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Into the light

Published by
World Coal,


Nate Klieve, Phoenix Products Co. Inc., US, explains how LED technology can revolutionise mine lighting solutions.

The mining industry goals of today are different than they once were. Targets for productivity, safety and environmental sustainability are increasingly scrutinised. As commodity prices drop, operating expenses rise. At what point will this trend taper and how can mine operators arm themselves to enjoy a prosperous future?

Little can be done to control the demand and pricing structure of a volatile industry, so mines around the world are starting to attack the problem from the other end – operating costs. With efficient, green technology, such as LED lighting, mines can maximise their limited resources.

Durability impacts maintenance requirements

Most lighting challenges that operators face are the result of the high-vibration conditions on mining equipment. The constant, rapid movement is detrimental to traditional fixtures. For this reason, lighting related maintenance has always been a huge burden for mine operators.Whether replacing an entire fixture or repairing a broken lamp or ballast, lighting maintenance on mining equipment is time consuming, expensive and dangerous. Because LED lighting is solid-state technology, there are no fragile filaments or breakable glass components vulnerable to the constant shock and vibration.

Quality LEDs are also typically rated for at least 50,000 operating hours. Due to strict mining regulations, some applications require lights to be on 24 hours/day. This can equate to almost six years of lighting. The lifetime of traditional light sources, by contrast, is far less: between 2000 – 20,000 hours in perfect conditions. Upgrading lights to LED can, therefore, significantly reduce maintenance expenses.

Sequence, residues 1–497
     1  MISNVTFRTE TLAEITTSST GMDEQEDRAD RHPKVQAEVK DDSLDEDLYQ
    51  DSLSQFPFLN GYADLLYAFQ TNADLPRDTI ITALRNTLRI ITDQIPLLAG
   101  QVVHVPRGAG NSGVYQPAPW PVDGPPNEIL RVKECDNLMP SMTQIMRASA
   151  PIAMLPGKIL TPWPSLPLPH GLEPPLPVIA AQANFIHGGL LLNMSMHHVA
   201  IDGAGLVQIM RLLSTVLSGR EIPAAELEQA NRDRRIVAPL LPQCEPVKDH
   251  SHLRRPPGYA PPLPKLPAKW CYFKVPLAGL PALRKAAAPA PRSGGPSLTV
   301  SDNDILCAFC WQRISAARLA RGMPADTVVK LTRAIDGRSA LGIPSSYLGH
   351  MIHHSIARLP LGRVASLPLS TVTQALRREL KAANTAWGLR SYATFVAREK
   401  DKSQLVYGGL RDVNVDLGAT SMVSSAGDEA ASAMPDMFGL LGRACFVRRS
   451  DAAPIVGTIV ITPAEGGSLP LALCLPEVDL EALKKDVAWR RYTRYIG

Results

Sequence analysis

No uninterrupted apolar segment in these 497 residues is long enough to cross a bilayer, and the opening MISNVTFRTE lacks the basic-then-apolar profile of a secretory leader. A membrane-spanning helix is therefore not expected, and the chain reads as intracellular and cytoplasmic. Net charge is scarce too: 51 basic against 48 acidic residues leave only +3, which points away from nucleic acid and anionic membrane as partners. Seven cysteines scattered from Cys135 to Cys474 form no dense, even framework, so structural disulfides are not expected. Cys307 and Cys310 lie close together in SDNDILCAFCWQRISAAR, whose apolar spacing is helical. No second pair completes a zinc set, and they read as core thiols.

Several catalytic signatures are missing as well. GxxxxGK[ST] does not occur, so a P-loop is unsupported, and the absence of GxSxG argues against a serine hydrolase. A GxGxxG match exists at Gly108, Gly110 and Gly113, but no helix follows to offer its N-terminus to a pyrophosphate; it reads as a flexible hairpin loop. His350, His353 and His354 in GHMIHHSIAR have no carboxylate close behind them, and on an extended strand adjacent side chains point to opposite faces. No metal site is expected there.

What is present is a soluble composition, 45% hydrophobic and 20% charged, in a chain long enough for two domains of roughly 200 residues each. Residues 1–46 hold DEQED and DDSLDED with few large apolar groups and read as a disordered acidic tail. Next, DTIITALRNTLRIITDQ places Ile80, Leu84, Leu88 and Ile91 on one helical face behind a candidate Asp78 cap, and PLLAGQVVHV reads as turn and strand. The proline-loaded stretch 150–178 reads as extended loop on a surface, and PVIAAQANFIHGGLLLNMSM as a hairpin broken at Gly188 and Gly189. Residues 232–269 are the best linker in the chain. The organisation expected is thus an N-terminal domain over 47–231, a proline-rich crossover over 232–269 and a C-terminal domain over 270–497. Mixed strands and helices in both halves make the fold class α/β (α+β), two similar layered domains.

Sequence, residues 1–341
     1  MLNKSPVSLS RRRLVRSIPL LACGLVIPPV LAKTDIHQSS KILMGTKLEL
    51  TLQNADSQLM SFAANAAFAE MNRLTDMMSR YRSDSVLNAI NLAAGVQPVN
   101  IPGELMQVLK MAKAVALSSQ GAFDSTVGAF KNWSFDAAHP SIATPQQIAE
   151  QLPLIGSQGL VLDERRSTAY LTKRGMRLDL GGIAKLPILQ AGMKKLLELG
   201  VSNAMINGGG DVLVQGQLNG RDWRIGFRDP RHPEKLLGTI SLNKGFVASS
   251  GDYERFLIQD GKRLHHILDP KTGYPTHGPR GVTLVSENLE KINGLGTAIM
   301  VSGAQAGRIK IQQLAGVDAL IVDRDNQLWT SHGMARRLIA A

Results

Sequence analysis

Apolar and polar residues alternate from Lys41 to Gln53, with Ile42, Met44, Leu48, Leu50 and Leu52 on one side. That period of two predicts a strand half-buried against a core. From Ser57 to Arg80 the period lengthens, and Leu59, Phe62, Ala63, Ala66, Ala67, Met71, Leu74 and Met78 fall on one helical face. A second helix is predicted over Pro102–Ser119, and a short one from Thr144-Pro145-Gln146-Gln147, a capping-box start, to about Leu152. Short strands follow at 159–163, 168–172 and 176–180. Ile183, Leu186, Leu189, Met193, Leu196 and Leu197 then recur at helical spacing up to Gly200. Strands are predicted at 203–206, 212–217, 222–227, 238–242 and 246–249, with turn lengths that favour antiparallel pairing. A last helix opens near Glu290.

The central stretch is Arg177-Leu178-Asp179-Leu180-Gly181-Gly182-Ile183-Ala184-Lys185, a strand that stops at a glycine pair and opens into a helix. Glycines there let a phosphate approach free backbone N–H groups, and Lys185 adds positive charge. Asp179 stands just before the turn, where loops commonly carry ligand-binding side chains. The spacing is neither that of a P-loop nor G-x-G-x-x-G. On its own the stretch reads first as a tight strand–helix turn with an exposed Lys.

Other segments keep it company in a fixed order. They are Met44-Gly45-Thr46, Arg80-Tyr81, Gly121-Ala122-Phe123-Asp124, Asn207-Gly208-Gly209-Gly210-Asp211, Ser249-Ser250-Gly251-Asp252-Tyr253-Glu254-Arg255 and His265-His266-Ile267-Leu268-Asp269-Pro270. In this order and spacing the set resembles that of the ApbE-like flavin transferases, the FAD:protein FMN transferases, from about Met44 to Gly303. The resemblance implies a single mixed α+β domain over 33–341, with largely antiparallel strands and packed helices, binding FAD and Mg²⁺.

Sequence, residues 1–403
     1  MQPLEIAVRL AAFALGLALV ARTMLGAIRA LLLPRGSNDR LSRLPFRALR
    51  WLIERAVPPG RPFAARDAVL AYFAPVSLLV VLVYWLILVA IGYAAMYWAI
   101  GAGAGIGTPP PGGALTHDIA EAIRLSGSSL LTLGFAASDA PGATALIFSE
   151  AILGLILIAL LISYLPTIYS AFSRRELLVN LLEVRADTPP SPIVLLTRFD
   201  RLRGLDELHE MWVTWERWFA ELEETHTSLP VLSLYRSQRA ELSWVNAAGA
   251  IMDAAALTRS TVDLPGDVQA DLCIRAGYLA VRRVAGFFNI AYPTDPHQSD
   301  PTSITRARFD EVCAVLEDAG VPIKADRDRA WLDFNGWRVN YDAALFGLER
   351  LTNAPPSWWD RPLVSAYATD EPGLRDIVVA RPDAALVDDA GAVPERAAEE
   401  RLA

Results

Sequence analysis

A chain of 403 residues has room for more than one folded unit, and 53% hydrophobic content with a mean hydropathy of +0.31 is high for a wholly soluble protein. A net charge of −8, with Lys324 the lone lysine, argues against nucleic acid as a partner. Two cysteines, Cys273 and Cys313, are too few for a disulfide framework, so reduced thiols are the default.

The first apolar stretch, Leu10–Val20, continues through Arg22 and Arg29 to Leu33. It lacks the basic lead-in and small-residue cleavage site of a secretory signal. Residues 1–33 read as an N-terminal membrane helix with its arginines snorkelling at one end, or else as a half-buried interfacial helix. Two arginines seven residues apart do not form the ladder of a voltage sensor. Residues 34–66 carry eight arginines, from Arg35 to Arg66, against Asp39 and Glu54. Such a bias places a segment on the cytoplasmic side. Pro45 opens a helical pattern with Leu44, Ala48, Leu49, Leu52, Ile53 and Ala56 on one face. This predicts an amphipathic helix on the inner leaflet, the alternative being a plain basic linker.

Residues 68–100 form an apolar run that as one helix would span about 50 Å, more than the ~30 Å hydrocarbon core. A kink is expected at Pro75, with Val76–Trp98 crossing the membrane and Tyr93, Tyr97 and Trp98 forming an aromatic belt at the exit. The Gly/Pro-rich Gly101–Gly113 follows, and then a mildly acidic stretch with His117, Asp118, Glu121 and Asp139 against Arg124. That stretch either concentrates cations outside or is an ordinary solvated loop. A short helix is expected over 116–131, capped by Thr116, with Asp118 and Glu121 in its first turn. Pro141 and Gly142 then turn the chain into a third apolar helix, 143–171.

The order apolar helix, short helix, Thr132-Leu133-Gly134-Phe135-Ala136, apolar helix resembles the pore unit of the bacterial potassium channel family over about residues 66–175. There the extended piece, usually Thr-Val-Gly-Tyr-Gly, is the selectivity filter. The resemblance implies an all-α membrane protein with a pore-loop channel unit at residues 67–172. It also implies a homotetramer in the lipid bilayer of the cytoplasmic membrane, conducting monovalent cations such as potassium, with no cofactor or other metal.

As an example, Phoenix Products Co. Inc. – a lighting manufacturer located in Milwaukee – installed its first LED fixture in 2009 on a rotary blast hole drill. After five years, the same fixture is still installed and has required no maintenance.

However, with the introduction of LED technology, every component of the fixture should be analysed. For the first time in history, a light source is available that can outlast the assembly of many fixtures. If the company designing the light does not carefully consider the wear and tear that the fixture will undergo during the LED's long lifetime, the customer will be left with a fixture that is not functional, even if it still illuminates.

“Choosing the right manufacturer for LED lighting is critical to protecting your investment,” explains Yazi Fletcher, chief technical officer at Phoenix. “There are many fixtures being put onto mining equipment that won’t live up to the 50,000+ [hours] rated life that most producers of LEDs promise.” He goes on to explain that the cause of the failures will have nothing to do with the light source. It will likely be a different component, such as the driver, housing, lens or a poorly designed heat sink.

Customised equipment lighting

Historically, light fixtures on active equipment, such as electric rope shovels, were left on all day because power interruptions were so disruptive. Getting systems back up and running can cost thousands of dollars in unplanned downtime on the machine. Traditional high intensity discharge (HID) light fixtures require a warm up period of up to 20 min before they reached full illumination. Those 20 min in the dark could create an unproductive shift or, worse still, an unsafe pit.

LED technology completely eliminates this issue for mine operators. LEDs are instant-on light sources. Within nanoseconds of the shovel operator flipping the light switch, the fixtures will be at full illumination all the way around the machine. Over time, some lighting requirements may change, due to the safer conditions LED technology creates.